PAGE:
The Church of Jesus Christ of Latter-day Saints



The founder of Mormonism is Joseph Smith, Jr. (1805-1844), a singular American religious figure who called himself a prophet and in 1830, amid the excitement of the Second Great Awakening, formally organized the Church of Christ (later changed to the Church of Jesus Christ of Latter-day Saints). He was murdered in 1844 by a mob while imprisoned at Carthage, Illinois.

Smith was born in Vermont in 1805 and in 1816 moved with his family to the town of Palmyra in western New York. Few details are known about his childhood. He showed little interest in reading while young, according to his mother, but seems to have been introspective. Like many of his time, he sought buried treasure using occult practices.

Living in a place and time of evangelical revivals, the "burned-over district" of western New York in the early 1800s, Joseph became concerned about the state of his soul and the possibility of finding truth given the conflicting claims of rival denominations. According to his autobiography, penned many years later, he decided to heed the words of James 1:5 and pray to God for answers.

The result was a vision, around 1820, of God the Father and Jesus Christ, who, Smith wrote, instructed him to join none of the existing churches. Three years later Smith said he was visited by an angel named Moroni, who showed him a vision of buried gold plates that recorded an account of ancient America peoples.

In 1827 Joseph obtained the plates, along with several ancient objects buried alongside them, and set about translating them into English under divine inspiration. The record was published in 1830 as The Book of Mormon. Two sets of witnesses declared that they had seen the plates. Weeks after the new scripture was offered for sale, Joseph and his early followers convened to formally organize a church.

A year after the Church was formed, Joseph and his family moved to Kirtland, Ohio, along with about 200 converts. Kirtland would remain Church headquarters until 1838. The doctrine of gathering as Saints (i.e., followers of Christ) played a central role in Mormon theology, combining notions of sacred time (belief in the imminent return of Christ and the establishment of his thousand-year reign) with notions of sacred space (the building of a ritual worship center called a temple).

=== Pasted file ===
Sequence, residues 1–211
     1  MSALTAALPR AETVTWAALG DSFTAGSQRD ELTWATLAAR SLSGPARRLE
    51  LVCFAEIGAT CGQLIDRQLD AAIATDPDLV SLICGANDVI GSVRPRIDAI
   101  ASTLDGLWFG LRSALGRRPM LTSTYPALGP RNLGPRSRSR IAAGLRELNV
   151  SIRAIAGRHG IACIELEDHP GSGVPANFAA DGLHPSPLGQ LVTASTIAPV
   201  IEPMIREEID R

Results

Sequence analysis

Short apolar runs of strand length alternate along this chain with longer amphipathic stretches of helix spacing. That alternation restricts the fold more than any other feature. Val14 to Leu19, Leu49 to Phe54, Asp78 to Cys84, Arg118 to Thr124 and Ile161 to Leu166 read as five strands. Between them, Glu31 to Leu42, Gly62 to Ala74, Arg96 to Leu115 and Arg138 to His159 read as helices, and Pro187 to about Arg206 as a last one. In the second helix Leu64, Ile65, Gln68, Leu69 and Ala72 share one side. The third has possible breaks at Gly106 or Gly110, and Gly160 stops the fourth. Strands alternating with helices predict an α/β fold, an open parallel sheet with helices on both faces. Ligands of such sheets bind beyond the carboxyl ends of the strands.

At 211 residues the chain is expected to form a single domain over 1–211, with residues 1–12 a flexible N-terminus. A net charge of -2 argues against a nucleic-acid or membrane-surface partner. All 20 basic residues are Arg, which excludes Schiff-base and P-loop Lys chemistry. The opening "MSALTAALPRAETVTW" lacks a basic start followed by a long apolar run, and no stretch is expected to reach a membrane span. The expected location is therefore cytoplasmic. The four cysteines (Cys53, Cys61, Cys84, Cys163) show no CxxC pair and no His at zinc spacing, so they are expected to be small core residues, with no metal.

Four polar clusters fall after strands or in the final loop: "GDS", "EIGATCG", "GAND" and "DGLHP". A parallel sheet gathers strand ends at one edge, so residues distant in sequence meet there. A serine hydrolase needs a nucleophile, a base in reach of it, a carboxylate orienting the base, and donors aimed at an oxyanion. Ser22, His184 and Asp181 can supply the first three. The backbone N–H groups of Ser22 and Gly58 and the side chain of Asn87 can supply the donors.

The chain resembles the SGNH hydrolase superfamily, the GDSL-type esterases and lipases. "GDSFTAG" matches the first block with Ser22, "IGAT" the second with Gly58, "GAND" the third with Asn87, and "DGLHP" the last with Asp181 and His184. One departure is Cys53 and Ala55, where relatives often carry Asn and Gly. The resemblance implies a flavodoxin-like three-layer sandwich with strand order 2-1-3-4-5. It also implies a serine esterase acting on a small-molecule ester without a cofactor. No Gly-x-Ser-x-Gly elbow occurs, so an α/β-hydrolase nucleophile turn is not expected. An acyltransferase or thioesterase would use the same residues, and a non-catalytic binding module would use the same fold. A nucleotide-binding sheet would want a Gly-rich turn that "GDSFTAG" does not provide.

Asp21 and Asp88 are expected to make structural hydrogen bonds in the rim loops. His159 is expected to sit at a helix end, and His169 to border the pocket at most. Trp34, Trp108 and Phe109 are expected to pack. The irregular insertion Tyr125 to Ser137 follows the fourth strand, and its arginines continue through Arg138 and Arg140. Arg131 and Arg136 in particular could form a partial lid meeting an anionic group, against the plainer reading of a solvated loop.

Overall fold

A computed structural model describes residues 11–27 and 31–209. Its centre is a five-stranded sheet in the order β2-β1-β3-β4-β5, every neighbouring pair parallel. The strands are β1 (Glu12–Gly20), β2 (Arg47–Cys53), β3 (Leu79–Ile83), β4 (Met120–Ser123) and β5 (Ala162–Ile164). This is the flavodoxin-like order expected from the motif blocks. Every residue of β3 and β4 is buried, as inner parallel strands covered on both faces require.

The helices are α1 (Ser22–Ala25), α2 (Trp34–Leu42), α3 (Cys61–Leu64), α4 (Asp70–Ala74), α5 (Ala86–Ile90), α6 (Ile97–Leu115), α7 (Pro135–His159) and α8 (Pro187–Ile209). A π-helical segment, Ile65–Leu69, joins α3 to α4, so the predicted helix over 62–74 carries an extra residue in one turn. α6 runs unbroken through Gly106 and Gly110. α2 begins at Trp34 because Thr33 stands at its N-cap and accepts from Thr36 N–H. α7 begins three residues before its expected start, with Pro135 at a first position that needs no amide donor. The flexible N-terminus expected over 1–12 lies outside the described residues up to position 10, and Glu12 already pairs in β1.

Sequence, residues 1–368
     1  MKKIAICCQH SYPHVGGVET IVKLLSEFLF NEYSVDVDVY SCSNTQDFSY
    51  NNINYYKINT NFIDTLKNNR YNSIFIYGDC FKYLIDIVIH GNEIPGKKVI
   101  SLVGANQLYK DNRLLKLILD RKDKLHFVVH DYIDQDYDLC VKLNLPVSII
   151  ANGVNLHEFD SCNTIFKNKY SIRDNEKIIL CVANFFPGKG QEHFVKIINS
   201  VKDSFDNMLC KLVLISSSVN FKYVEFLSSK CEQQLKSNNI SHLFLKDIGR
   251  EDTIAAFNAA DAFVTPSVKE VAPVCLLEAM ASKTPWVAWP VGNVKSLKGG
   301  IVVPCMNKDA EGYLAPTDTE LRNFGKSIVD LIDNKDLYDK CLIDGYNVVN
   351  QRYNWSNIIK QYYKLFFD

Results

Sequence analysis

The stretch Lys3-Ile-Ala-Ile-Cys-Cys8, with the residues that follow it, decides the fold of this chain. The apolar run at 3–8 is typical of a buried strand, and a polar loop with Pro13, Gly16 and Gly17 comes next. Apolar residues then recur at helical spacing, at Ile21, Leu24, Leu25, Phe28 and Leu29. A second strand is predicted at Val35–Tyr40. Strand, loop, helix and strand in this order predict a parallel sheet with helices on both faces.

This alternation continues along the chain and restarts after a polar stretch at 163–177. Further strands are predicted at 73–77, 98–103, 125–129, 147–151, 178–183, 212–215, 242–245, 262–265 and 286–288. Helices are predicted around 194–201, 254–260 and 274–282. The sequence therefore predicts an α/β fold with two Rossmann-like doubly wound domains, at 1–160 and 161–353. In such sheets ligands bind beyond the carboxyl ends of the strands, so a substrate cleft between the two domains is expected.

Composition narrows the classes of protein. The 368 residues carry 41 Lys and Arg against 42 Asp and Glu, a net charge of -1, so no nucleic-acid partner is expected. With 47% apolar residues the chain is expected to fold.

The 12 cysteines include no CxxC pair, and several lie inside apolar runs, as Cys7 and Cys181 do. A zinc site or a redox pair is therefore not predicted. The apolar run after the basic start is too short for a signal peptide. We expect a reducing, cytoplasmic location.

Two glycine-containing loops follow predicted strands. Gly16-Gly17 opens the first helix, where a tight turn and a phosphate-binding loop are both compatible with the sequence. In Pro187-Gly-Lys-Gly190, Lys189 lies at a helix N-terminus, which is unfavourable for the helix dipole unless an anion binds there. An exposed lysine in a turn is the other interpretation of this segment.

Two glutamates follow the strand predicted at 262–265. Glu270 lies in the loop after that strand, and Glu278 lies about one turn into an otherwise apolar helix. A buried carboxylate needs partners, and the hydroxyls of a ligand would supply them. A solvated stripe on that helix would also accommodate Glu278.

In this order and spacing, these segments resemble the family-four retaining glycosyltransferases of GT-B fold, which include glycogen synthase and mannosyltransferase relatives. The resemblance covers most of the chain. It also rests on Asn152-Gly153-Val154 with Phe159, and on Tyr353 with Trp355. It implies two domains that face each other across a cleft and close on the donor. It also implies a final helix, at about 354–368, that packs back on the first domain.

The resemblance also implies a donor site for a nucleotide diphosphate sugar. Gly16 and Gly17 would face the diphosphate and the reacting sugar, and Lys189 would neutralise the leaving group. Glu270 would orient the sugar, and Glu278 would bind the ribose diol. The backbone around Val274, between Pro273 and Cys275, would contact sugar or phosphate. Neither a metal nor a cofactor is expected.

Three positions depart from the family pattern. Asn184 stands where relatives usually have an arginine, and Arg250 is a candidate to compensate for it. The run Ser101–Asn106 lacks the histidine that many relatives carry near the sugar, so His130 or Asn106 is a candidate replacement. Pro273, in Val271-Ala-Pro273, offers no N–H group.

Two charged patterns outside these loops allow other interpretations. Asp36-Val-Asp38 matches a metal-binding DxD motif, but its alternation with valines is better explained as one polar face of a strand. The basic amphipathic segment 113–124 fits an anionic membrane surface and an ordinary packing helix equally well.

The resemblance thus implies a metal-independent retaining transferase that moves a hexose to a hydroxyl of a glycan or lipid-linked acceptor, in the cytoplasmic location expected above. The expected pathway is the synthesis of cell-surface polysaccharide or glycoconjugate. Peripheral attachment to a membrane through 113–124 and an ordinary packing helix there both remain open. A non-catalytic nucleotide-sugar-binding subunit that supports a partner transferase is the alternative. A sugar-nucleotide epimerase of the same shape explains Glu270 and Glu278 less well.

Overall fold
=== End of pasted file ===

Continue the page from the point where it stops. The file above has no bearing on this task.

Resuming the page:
New converts journeyed to Kirtland to join the Latter-day Saints. A distinct Mormon culture began to emerge as converts accepted The Book of Mormon and other doctrines and lived in a communal setting. The effort, however, failed dramatically when a financial crisis led to widespread dissent among Smith's followers. The high concentration of Mormons (and their political power) had inspired mistrust among non-Mormons, and soon Kirtland was no longer a safe haven.

Simultaneously with the gathering in Kirtland, another gathering place was designated in Independence, Missouri, where the Saints were directed to construct a city. Here, too, friction with settlers quickly escalated and in 1833 the Saints fled their homes, eventually settling in Caldwell, another Missouri county especially created for them by the state legislature. As converts continued to gather and swell the ranks of the Mormons, that solution proved insufficient too. War broke out between the parties, and the governor ordered the Mormons expelled or exterminated.

Now refugees, the Mormons found a new gathering place, a swampy area along the Mississippi that Smith purchased and named Nauvoo (after the Hebrew word for beautiful, he claimed). In Nauvoo, Smith aimed to create a semi-independent Mormon kingdom where the Mormons could defend themselves against their persecutors.  The city possessed its own militia and soon began construction of a temple. Conflation of temporal and spiritual affairs under Smith's expanding authority, however, along with rumors of polygamy, led to internal dissent and external opposition.

Following the destruction of an anti-Mormon press in 1844, Joseph and his brother Hyrum Smith were arrested and jailed. They were both shot and killed by a mob. Smith's death was followed by a period of uncertainty, as over two dozen men claimed the authority to assume Church leadership. The struggle was won by Brigham Young (1801-1877), who became the second president of the Church. With prospects in Illinois increasingly dim, Young led the Saints across the plains to the Salt Lake Valley, arriving there in 1847.

Study Questions:
1.     Why could it be argued that Joseph Smith's childhood was influential for his founding of Mormonism?
2.     Why did Smith consider himself to be a prophet?
3.     What is The Book of Mormon? How was it inspired?
4.     Why did the geographical headquarters of Mormonism change over time?

Back to Religion Library